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Movies: Seabiscuit and Pirates Of The Caribbean
The Queen and I went to go see Pirates of the Caribbean. Twice, actually. The first time we entered the theater and found it packed to the gills, so we wandered down the hall and caught Seabiscuit instead.
In retrospect, watching Pirates from the first row might have been preferable. This became apparent early in the film, when Jeff Bridges rises at a dinner party and says "As corny as it sounds, I'd like to propose a toast. To the future!" Attention screenwriters: if even your characters are worried about sounding corny, you are probably writing a corny movie.
Also: if you want to screw up the adaptation of a best-selling book, try taking a real and inherently inspirational story and making it even more inspirational. So it's not enough that Seabiscuit -- a horse that had been written off by everyone but nonetheless went on to win
A side-effect of this relentless inspirationilzation is that nearly every scene is a little too emotional and significant. Conversations 30 minutes into the film are accompanied by the kind of Overbearingly Sad But Heroic Music that is usually reserved for the finale. Every phrase uttered by the characters has some deeper portent. Things can't just happen, they have to happen for a reason. Seabiscuit even has my least favorite Required Hollywood Movie Moment -- you know, where The One Guy says something pithy to The Other Guy, and then later in the film, when The One Guy has lost his way, The Other Guy says the exact same phrase back to him, thereby enabling him to remember what's Really Important In This World Of Ours? You know that moment? It's in there.
So even though I knew that Seabiscuit is based on a true story, I spent much of the film rolling my eyes and muttering "c'mon -- that didn't happen!" whenever the filmmaker couldn't resist interjecting some tried and true Screenwriting For Dummies inspirational gimmick. Which isn't to say that Seabiscuit is bad -- objectively I'd probably give it 3.5 stars out of five. But I can't stand it when moviemakers mess up a true story with fictitious enhancements. This is why I'll choose a documentary on a subject over the dramatization each and every time.
Pirates Of The Caribbean: The Curse Of The Black Pearl (which we managed to see on the second attempt) is equally the Big Hollywood Spectacle, but at least it has the good sense to not even pretend to be grounded in reality. It unabashedly throws every Adventure Movie Staple (state of the art special effects, over the top fight scenes, big name actors) and pirate cliché (parrots, planks, and numerous references to "Davy Jones locker") into the mix and brews up the best summer blockbuster I've seen this year.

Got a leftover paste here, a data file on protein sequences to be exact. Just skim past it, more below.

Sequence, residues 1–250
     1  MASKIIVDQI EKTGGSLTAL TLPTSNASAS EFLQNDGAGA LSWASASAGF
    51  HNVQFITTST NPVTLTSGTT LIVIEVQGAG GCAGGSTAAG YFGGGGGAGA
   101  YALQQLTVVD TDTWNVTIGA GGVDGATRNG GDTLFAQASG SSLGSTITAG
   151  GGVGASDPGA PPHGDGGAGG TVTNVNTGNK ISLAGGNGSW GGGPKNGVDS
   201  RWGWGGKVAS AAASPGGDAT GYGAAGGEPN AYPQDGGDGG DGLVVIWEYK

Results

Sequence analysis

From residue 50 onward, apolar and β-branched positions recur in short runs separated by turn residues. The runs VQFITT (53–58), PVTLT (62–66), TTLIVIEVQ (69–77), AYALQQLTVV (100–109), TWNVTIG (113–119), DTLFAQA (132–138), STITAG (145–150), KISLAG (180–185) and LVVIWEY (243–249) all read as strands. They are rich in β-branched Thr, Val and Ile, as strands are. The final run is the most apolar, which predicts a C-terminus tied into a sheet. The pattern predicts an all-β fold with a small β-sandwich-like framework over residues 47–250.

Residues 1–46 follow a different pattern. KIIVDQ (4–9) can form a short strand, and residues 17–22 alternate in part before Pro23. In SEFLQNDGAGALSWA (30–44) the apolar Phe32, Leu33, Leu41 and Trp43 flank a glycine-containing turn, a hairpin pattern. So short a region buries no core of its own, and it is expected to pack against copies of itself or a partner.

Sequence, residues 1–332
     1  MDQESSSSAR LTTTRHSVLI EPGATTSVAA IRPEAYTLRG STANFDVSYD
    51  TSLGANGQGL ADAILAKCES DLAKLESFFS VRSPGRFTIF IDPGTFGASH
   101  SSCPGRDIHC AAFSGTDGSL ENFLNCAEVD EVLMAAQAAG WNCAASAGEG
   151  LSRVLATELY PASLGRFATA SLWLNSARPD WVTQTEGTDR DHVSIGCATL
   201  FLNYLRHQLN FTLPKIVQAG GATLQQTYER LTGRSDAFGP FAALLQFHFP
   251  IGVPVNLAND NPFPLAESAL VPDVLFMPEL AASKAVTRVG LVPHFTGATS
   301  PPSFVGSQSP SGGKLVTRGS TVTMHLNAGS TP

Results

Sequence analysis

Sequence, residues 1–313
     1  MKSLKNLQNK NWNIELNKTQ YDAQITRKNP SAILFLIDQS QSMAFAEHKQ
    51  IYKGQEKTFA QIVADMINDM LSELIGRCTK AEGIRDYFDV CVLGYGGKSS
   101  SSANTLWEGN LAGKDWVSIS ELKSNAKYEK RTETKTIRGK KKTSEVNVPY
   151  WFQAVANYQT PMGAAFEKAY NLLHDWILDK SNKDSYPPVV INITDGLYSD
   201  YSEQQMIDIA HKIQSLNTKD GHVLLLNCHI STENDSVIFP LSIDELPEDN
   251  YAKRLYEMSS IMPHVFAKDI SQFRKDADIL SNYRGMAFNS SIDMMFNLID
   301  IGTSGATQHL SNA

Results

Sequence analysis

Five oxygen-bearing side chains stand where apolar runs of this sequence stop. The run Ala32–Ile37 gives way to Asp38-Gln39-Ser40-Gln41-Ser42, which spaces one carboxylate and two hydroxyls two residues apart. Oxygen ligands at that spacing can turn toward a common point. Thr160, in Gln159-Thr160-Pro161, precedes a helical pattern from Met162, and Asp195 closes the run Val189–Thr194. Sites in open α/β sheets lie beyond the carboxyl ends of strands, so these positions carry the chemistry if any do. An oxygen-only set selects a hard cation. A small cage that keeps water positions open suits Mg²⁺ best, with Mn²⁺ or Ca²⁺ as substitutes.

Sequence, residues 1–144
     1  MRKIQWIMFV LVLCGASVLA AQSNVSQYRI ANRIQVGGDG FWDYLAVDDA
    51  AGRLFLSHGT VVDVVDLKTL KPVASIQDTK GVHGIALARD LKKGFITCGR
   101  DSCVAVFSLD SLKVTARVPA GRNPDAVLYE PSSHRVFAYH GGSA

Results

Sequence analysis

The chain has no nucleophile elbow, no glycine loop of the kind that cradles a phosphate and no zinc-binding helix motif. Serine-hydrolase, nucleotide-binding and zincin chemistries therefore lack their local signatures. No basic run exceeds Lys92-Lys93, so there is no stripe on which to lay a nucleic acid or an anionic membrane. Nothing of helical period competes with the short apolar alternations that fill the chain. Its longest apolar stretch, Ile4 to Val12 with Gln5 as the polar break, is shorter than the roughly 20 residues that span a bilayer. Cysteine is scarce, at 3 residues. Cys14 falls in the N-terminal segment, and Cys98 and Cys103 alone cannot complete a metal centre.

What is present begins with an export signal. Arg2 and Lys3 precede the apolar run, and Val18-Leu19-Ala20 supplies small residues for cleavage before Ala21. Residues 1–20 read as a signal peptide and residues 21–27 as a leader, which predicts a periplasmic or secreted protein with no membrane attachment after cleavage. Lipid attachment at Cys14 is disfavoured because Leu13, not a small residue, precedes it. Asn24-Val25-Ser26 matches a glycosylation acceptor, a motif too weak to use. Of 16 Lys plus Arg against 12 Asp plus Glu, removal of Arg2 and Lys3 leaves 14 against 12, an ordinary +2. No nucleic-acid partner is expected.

Alas, at over two hours, Pirates is a bit too much of a good thing -- by the finale I wouldn't say I was bored, but I was more than ready for it to end. Sadly, those extra minutes are packed with extraneous action and unnecessary exposition, while the fundamentals of the plot are given the short shrift: the specifics of the titular curse -- how it got started, how it is reversed, and when happens when it is removed -- are all given, like, one line of explanation a piece. At some point it occurred to me that they were dwelling on trivial details to disguise the fact that the underlying plot was threadbare, a realization that did not me to the overlong running time.
Still, if you're willing to overlook the fact that it doesn't make a huge amount of sense, the plot does have some very inventive moments. And Johnny Depp alone makes the film worthwhile -- he takes what could have been a marginally interesting character and plays it over-the-top loony. They should have carved half an hour out of Pirates, but it's still a very fun ride.
(And speaking of rides, there was a preview for Disney's The Haunted Mansion before Pirates. I guess they are just going to movie-alize all of their theme park attractions, now. Hoo boy, I bet It's A Small World: The Motion Picture is going to break some box office records.)Posted on August 29, 2003 to Movies